On a Microsoft Windows Server 2008 R2 Fail over cluster with a Hyper-V guest with many pass-through disks, the machine configuration may take some time to come online

Symptoms

Consider the following Scenario: 

  • You have a Windows Server 2008 R2 failover cluster with Hyper-V
  • You have at least one Hyper-V guest added to this cluster
  • You have many pass-through disks added to this guest that are being managed by the cluster
  • You have multiple paths to storage over iSCSI and are using an active/active policy in MPIO like Round Robin

The following actions via Failover Cluster Manager take an extended period of time to complete or fails (times out):

  • Bringing the Virtual Machine configuration online.
  • Failing over the Virtual Machine
  • Refreshing the Virtual Machine configuration in Failover Cluster Manager
  • Automatic refresh of the Virtual Machine configuration after a configuration change

The more pass-through disks you have presented to a particular Virtual Machine, the longer it will take for its Virtual Machine configuration to online or refresh.

The time taken is proportionate to the amount of disks configured in that Virtual Machine.  This online time will extend until it fails because it exceeds the default resource pending or deadlock time out for the Virtual Machine configuration cluster resource type.

Cause

Slow iSCSI performance may occur during network congestion orwhen RFC 1122-delayed acknowledgements extend the error recovery process.  In situations where there is no network congestion, the default 200 millisecond delay on the acknowledgement can significantly impactSCSI command latency in an iSCSI environment.  Use of multipathing solutions which load balancing read requests across multiple array ports, increases the likelihood thatthose SCSI OpCode read requests (Read Lun, ReadLunCapacity)completions from multiple ports will result in network congestion. 

The Nagle Algorithm applied as part of RFC 1122 means that small payload network transmissions (such as read SCSI OpCode commands) may not be sent until either a full TCP segment is reached on that NIC or the delayed acknowledge time trigger is reached (200ms).

The online operation of a Virtual Machine Configuration performs a sanity check to ensure that all VM components, including storage are available and accessible.  In this occurrence, there are multiple SCSI read commands which need to occur, serially per pass-through disk.  Due to the delayed acknowledgement, each one of these commands take up to 200ms to complete, therefore extending the overall time to online this VM configuration resource.

Typically, an acknowledgment is sent for every other TCP segment that is received on a connection unless the delayed ACK timer (200 milliseconds) expires. You can adjust the delayed ACK timer by editing the registry as outlined in the workaround below.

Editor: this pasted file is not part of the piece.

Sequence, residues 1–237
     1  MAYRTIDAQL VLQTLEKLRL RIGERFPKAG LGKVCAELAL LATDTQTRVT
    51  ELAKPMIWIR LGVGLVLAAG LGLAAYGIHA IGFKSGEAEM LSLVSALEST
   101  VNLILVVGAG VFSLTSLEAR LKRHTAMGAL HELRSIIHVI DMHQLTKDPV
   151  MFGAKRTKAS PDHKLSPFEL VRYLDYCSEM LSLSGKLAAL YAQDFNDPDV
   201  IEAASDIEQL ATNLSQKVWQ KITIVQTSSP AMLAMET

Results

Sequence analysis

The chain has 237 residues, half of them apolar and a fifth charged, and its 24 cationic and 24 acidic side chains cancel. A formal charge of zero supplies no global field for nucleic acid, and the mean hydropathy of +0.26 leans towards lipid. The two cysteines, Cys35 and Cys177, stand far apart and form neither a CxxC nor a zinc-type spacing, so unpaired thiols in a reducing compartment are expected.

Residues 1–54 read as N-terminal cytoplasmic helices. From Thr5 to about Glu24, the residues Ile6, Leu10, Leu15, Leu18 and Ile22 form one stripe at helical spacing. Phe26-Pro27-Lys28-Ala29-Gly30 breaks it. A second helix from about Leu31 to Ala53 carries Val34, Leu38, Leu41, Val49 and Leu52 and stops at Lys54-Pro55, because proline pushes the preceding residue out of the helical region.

Resolution


    Modify the TCP/IP settings for the network interfaces carrying iSCSI traffic to immediately acknowledge incoming TCP segments.  This workaround solves the read performance issue.    

    Note: These TCP/IP settings should not be modified for network interfaces not carrying iSCSI traffic as the increased acknowledgement traffic may negatively affect other applications.

    Caution! This workaround contains information about modifying the registry. Before you modify the registry, make sure to back it up and make sure that you understand how to restore the registry if a problem occurs. For information about how to back up, restore, and edit the registry, click the following link to view the following article in the Microsoft Knowledge Base:  http://support.microsoft.com/kb/256986/.

    1. Start Registry Editor (Regedit.exe).
       
    2. Locate and then click the following registry subkey:

      HKEY_LOCAL_MACHINE\SYSTEM\CurrentControlSet\Services\Tcpip\Parameters\Interfaces

      the interfaces will be listed underneath by automatically generated GUIDs like {064A622F-850B-4C97-96B3-0F0E99162E56}
       
    3. Click each of the interface GUIDs and perform the following steps:

      a.  Check the IPAddress or DhcpIPAddress parameters to determine whether the interface is used for iSCSI traffic.  If not, skip to the next interface.

      b.  On the Edit menu, point to New, and then click DWORD value.

      c.  Name the new value TcpAckFrequency, and assign it a value of 1.
       
    4. Exit the Registry Editor.
       
    5. Restart Windows for this change to take effect.

More Information

You can view further information about this in the iSCSI user guide. 

http://download.microsoft.com/download/a/e/9/ae91dea1-66d9-417c-ade4-92d824b871af/uguide.doc

Properties

Article ID: 2020559 - Last Review: Nov 22, 2010 - Revision: 1

Feedback